* Jones Day is representing pro bono a number of Catholic institutions ticked off that they might have to buy insurance that their workers might, at some point, maybe use to buy birth control pills. It’s a tremendous intrusion upon religious liberty that Catholic institutions routinely did before they decided to make a political spectacle out of it. [The National Law Journal]
* A speech to Harvard Law alums about the slow death of free speech at Harvard. By “slow death of free speech” he details how a private, non-governmental institution decided not to tolerate jackassery, but whatever. [Minding the Campus via The Volokh Conspiracy]
* It’s still several months until the ATL Law Revue competition. So to keep you entertained until then, check out this parody of Lorde’s Royals performed by some law students. It looks like the same geniuses from Auckland Law School behind the Blurred Lines parody. Do the Kiwis have time to do actual law school stuff? Video embedded after the jump… [Legal Cheek]
We at Kinney are running the search for a fantastic in-house opening in Singapore, at the leading and largest tech company in Southeast Asia. The spot will be filled by a US associate with at least three years experience in M&A, from a top Wall Street or equivalent US firm. Compensation will be competitive with what the new hire is earning at their top tier law firm.
When a private school bars homosexuality and then seeks accreditation, sparks fly over just who is being the bigot.
* Stop bullying the judges on the Foreign Intelligence Surveillance Court. They don’t cave to just any government data request — they make changes to about 25 percent of them. But uh… they don’t like to talk about the other 75 percent. [Bloomberg] * Everything’s bigger in Texas, including the number of Biglaw firms with […]
* Who says bipartisanship is dead? Senators McCain and Gillibrand hammer Obama’s nominee for Navy Undersecretary. Gillibrand went after her specifically over prosecuting sexual assaults. [Breaking Defense]
* Lawyers per capita by state. For everyone who says lawyers make the world worse, note that Arkansas has the fewest lawyers per capita and do with that information what you will. [Law School Tuition Bubble]
* A bunch of rabbis were arrested for plotting to kidnap and torture a guy into granting a Jewish divorce. This is a thing? [Wall Street Journal]
* Professor Larry Lessig thinks the administration should have made originalist arguments in the McCutcheon case to salvage campaign finance limits. First, I don’t see why this would have worked. Second, someone in Washington has to be an adult and resist the urge to make stupid arguments just because someone might listen. [The Atlantic]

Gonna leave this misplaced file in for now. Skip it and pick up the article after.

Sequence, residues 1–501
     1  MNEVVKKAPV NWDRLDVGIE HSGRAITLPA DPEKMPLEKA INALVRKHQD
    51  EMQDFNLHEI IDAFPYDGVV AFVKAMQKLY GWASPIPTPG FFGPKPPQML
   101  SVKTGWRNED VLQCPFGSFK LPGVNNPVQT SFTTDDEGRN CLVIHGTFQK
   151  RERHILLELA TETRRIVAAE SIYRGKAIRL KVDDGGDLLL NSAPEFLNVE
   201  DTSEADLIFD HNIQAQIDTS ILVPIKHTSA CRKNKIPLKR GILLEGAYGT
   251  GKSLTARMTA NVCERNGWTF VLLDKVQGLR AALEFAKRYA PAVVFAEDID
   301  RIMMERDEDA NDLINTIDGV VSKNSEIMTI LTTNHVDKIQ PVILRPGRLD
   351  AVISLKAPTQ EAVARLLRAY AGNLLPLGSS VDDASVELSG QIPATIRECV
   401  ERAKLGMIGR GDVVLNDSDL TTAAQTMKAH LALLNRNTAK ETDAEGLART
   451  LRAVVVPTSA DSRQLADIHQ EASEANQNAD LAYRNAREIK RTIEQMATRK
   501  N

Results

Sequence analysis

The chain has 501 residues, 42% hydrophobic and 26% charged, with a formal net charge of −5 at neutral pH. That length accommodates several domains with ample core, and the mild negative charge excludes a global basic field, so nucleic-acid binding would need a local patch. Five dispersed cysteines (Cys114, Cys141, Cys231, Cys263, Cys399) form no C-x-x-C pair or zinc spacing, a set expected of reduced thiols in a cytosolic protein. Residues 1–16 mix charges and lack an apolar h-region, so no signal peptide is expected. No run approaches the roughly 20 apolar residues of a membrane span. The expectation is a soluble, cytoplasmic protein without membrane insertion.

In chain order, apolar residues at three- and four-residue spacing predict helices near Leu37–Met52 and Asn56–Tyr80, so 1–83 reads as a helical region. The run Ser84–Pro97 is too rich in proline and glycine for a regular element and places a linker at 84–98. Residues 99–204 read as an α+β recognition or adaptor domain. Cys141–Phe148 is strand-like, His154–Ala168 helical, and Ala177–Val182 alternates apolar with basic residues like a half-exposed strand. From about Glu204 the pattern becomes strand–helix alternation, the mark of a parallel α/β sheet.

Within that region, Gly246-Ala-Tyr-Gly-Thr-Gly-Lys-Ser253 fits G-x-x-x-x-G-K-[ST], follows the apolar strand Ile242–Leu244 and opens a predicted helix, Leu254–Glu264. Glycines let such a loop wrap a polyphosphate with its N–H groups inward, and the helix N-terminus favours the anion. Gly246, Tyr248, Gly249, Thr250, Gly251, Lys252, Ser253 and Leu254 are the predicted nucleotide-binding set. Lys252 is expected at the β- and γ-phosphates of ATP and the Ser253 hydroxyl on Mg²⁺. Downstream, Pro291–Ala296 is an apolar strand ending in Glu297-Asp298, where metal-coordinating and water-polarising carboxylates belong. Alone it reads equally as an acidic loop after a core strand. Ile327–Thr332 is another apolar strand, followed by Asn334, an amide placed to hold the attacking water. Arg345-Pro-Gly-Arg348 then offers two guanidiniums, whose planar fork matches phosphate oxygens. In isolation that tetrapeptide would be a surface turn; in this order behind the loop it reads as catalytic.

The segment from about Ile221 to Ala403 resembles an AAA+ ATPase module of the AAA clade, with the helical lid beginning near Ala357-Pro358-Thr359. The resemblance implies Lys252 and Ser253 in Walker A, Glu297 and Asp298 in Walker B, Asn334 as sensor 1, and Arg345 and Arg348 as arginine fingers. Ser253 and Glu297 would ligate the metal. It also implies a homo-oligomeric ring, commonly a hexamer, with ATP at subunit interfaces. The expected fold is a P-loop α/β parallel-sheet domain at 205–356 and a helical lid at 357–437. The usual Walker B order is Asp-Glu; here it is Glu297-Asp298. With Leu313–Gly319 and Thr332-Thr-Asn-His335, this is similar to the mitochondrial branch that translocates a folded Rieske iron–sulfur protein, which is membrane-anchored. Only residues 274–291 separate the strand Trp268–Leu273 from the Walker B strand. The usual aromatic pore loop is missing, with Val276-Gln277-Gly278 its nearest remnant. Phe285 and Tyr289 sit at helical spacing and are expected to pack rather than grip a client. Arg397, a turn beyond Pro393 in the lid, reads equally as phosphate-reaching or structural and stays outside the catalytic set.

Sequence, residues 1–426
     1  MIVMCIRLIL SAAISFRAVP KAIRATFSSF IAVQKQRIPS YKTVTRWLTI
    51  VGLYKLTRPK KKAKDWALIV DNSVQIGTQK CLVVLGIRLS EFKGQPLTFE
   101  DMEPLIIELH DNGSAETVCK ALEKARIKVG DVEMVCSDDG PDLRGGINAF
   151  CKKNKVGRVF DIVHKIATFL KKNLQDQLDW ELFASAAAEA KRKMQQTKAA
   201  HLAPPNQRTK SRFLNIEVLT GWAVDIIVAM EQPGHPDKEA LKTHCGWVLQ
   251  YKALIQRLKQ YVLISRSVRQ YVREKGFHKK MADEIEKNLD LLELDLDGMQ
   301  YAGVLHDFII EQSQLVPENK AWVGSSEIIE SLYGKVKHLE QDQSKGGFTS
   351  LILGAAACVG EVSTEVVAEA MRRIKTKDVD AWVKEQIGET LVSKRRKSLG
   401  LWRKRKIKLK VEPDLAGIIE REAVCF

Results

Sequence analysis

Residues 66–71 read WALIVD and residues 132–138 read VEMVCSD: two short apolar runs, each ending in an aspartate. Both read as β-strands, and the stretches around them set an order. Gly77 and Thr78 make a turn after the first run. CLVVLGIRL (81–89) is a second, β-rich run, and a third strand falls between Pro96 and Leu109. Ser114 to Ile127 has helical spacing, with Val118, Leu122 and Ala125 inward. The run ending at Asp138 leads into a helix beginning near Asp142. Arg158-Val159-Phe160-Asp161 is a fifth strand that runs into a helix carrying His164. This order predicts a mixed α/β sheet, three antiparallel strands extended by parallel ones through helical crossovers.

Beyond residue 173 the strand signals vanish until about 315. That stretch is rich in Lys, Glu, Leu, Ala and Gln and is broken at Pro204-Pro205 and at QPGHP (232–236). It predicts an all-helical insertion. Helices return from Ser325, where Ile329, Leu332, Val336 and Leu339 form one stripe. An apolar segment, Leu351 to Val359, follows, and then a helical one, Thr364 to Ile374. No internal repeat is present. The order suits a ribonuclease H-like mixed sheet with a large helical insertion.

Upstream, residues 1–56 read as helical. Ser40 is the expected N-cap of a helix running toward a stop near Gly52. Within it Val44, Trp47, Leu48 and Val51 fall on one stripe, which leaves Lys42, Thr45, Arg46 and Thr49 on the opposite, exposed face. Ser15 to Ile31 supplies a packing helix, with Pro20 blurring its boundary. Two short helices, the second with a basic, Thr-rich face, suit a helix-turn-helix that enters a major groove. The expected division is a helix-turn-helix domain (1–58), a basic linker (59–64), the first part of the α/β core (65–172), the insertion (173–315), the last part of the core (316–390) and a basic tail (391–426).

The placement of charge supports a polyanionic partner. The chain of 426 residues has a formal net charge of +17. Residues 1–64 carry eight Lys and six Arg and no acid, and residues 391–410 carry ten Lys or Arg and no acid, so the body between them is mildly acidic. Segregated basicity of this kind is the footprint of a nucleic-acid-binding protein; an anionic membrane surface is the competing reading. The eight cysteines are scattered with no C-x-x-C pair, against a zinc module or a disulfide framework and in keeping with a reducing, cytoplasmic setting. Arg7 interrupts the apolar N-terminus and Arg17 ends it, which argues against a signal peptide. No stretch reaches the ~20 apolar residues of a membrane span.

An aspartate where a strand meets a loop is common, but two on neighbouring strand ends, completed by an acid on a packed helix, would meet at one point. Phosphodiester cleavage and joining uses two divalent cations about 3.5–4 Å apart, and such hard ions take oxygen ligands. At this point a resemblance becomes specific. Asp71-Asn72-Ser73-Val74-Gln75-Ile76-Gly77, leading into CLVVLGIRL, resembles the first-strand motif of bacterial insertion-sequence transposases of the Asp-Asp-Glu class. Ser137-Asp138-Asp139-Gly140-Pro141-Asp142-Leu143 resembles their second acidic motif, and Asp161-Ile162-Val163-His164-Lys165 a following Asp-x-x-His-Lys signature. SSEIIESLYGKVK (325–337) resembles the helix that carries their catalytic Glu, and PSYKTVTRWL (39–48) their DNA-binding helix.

* An agent is facing 14 felony counts for giving improper benefits to college athletes. For all the alleged cheating, you’d think UNC would be better at football. [Forbes]
* A Texas judge ordered a teen to move back in with a sex offender. This was a poor decision. [USA Today]
* Upon hearing former NYC Mayor David Dinkins saying, “You don’t need to be too smart to be a lawyer, so I went to law school,” the dean of New York Law School said, “So you went to Brooklyn Law School?” Which of course Dinkins did. What is wrong with NYU’s Tribeca campus? [NYLS (exchange begins at 23:00)]
* Is this related to the law? Not really. Is it the cast of Archer doing the video of Danger Zone? Yes…
A wide-ranging interview with Justice Scalia, covering everything from his pet peeves (women cursing), his tastes in television, and his desire to hire more law clerks from “lesser” law schools.
* A lawyer fresh out of law school botched a domestic violence case by gushing all over Tom Hanks… who was serving as a juror. Which, in fairness, was awfully Big of him. [TMZ]
* Federal prosecutors are seeking at least 27 years in prison for a Massachusetts man who authorities say plotted to kill and eat his children based on a search of his home and car, which is presumably a Saturn. As one law professor observed, “Perhaps the lawyer will make a free exercise argument and claim that eating children is a requirement of his religion.” [CNN]
* If you’re going to drink and drive, be sure to toss a few back with the judge first. [KVUE]
* A criminal defense lawyer who begins every cross by making the cop look more humane and respectable. I thought the public defender from My Cousin Vinny was the lowest criminal defense could go in the comical incompetence department. [Katz Justice]
* Putin crony claims 100 percent of profits in a “public” oil company by flat ignoring minority shareholders. Shhhh! Stop giving Exxon ideas. [Breaking Energy]
* Elizabeth Wurtzel knows music (a subject she covered for the New Yorker for New York Magazine). In this article, she writes about The Replacements (something Wurtzel has made her past employers, including Boies Schiller, become familiar with). [The Daily Beast]
* On Monday, the American Constitution Society will host a preview of the upcoming Supreme Court session. Panelists include Pamela Harris, Randy Barnett, Joshua Civin, Andrew Pincus, and David Strauss. [American Constitution Society]
* Then next Tuesday, The Cato Institute’s Center for Constitutional Studies will host a symposium titled “The Supreme Court: Past and Prologue: A Look at the October 2012 and 2013 Terms.” Panelists include Tom Goldstein, Marcia Coyle, and Howard Bashman. [How Appealing]
Who can you sue when the calendar is oppressing you?
What is the state doing about its archaic test-taking rules regarding religious headwear?